NFL Commissioner Roger Goodell apparently wants lifetime private jet travel as part of his new employment contract. Here’s why he is making a mistake

 

Roger Goodell’s current deal as the leader of the National Football League estimated to pay the former intern (yes, that’s how he started with the NFL) $30 million per year is apparently not good enough. ESPN, USA Today and Business Insider are all reporting not only does Goodell want more money, including a raise of nearly $20 million per year, he also wants to have “lifetime use of a private jet.” Goodell turns 59 on Feb. 19. 

 

Let’s assume Goodell serves as commissioner of the league until he turns 65, so six more years. That would mean he might need post-employment access for another 30 years to private jets, so it’s really hard to know what private jet travel be like in 2055. By that time, true VIPs might be transporting themselves in molecules instead of Gulfstreams and Challengers. At the same time, we understand when you are the only person in the room that doesn’t own your own private jet, or several of them, let alone two Boeing 767s, flying commercially must make one feel like they are a mere staff vice president.

 

Unfortunately, asking for that lifetime private jet perk seems to have ruffled the feathers of certain owners who each pay for their private jets out of money they earn. And yes, reports note, this isn’t the best of times for the NFL right now.

 

What should Roger Goodell do about private jet travel?

 

We recommend he buys jet cards based on need. Using jet cards mean he won’t have to worry about ownership, hiring pilots and management of a private jet, and compared to fractional ownership, he can choose from year to year how much he wants to spend based on his travel needs at that time. He also won’t have to worry that a future NFL Commissioner tries to rescind the deal. And after all, there are probably some places he doesn’t want to go anyway (cough, Boston and Dallas).

 

So how much would it cost Roger Goodell to travel by private jet for the rest of his life?

 

You can buy a jet card today for 25 hours of annual travel for about $285,000, including the 7.5% Federal Excise Tax. Best of all, this isn’t some small jet. We are talking about a Gulfstream 450 or Bombardier Global Express, the same type of jets your owners have.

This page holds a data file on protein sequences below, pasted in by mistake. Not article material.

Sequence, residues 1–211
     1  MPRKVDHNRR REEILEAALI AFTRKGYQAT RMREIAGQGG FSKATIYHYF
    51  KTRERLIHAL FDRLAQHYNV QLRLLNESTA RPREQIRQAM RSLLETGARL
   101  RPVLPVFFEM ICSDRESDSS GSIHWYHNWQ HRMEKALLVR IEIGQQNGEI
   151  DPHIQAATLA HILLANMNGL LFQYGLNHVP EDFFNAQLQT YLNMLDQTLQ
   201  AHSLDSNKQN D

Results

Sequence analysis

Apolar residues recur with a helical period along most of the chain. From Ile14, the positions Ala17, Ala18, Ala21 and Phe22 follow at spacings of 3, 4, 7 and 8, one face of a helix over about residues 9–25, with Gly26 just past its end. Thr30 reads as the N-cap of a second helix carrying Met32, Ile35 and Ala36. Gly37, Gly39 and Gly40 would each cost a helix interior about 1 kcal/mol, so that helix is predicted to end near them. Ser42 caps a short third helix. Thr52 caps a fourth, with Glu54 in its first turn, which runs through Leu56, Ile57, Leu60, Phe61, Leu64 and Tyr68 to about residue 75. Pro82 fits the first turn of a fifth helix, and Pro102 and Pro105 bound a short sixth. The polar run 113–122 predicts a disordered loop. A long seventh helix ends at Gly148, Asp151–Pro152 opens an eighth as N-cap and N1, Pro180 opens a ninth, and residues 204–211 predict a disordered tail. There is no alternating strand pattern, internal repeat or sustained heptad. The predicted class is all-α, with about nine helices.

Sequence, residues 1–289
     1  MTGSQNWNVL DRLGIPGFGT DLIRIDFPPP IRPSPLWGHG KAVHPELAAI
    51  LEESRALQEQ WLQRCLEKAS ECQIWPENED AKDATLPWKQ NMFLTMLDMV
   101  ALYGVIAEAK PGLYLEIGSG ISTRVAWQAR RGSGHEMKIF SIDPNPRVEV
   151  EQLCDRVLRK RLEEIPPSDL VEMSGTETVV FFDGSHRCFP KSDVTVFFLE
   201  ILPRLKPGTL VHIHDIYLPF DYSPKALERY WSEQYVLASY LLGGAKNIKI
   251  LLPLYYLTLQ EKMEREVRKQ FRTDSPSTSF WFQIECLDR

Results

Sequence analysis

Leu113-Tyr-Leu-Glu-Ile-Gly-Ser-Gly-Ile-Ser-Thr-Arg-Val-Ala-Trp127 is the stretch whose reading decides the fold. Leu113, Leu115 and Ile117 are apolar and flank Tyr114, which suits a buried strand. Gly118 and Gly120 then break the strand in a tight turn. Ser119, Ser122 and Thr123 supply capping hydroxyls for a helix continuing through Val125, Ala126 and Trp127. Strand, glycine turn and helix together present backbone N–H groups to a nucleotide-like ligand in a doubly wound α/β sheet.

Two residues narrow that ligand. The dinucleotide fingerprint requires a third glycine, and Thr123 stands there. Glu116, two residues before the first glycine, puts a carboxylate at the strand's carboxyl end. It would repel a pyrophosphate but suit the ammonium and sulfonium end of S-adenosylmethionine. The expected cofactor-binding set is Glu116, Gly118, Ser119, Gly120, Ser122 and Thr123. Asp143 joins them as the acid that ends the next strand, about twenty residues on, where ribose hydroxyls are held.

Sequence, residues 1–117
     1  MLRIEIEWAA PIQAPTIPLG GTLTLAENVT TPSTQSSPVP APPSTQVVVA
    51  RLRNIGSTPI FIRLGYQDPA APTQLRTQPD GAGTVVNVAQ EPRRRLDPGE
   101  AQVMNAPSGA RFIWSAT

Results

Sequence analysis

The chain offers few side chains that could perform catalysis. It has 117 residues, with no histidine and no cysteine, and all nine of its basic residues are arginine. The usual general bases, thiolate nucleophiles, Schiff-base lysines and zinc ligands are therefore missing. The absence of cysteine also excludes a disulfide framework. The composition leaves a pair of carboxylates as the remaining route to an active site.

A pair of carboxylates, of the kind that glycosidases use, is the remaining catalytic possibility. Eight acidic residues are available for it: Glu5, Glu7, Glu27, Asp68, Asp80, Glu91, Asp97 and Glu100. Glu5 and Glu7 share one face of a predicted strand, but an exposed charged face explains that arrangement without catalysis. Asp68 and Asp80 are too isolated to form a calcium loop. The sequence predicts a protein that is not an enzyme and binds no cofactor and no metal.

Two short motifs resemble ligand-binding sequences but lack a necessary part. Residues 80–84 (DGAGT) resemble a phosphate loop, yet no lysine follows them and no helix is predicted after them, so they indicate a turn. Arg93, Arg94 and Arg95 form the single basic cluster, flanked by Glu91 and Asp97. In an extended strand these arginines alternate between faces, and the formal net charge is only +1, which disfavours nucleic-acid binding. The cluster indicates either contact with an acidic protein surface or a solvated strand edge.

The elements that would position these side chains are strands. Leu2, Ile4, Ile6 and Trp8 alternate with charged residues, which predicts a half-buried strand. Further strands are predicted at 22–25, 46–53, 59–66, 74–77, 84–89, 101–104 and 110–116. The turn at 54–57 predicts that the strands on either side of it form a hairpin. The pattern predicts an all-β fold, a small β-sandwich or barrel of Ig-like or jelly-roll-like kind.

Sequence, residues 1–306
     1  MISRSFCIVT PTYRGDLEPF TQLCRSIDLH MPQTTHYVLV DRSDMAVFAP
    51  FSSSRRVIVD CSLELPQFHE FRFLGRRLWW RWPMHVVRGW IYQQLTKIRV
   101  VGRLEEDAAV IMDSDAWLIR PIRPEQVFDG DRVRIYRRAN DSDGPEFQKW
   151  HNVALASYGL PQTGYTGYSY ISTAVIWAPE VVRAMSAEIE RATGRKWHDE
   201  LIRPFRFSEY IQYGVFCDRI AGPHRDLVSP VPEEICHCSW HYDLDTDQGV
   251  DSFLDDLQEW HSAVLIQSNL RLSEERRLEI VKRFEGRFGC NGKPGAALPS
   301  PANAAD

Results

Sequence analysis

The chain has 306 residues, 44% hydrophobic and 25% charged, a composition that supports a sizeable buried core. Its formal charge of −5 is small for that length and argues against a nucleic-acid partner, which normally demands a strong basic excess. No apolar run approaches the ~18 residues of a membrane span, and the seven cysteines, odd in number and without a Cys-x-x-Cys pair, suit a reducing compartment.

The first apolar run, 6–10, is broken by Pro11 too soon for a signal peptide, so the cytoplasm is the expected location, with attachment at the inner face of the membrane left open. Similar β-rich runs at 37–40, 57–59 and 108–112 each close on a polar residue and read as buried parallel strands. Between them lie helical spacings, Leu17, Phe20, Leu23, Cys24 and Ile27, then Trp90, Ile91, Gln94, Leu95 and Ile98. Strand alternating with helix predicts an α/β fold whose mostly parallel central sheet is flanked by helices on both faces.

If the inflation rate over the next 36 years is 2.5%, this same type of jet card for those same type of big jets, assuming private jets are still a chariot of choice for the well to do, would run $599,000 in 2055. Put another way, if Goodell takes $$8,574,750.00 from the first year of his  new $50 million deal and invests it in a place that returns 2.5% per year (we think he can do better, but we want to be conservative), he will be able to cover 25 hours on a large private jet every year from the day he retires (at 65) until he turns 95.

 

Put another way, if Roger works six more years and pulls in $50 million per year, that’s $300 million gross earnings, so he can have his cake and eat it too for less than 3% of what the owners will be paying him during that time period. When you consider Goodell can take care of his future private jet travel needs for less than half of the raise the owners are considering, we think he might want to take that private jet for life ask off the table.

 

And if the commissioner wants to find the best jet card for his needs, an annual subscription to Private Jet Card Comparisons would set Goodell back a mere $250 and enable him to compare over 150 programs by 65 variables.

 

 

 

 

About the Author Doug Gollan

I study and write about Ultra High Net Worth (UHNW) consumers, luxury travel, the business of luxury and private aviation, particularly jet cards

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